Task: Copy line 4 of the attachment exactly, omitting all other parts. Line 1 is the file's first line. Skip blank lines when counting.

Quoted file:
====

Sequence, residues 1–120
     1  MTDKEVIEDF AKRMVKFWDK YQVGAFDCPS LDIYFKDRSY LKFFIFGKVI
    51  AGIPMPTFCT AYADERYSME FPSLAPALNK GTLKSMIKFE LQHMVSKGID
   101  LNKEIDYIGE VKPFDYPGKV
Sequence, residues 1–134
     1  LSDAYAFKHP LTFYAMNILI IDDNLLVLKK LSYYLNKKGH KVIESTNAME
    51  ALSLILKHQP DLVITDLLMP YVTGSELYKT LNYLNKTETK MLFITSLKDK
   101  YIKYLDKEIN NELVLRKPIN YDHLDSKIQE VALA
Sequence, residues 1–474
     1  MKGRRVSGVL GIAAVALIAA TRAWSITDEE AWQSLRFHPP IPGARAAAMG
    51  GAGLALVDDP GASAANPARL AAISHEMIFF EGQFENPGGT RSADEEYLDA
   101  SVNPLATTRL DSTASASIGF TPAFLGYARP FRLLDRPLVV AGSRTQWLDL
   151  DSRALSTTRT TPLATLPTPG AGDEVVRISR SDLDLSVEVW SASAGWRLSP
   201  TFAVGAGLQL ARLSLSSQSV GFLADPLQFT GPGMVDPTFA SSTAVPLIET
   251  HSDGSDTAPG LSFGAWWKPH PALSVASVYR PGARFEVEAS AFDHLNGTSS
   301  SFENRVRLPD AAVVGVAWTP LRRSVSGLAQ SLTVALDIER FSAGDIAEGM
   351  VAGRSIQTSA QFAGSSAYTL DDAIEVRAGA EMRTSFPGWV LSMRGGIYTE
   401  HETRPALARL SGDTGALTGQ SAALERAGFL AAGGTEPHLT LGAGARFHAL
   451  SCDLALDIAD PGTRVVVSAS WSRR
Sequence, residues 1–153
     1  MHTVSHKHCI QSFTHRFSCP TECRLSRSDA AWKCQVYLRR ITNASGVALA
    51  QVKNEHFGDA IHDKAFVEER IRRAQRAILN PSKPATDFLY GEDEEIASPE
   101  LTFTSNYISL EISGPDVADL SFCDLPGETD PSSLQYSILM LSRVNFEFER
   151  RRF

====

   101  LNKEIDYIGE VKPFDYPGKV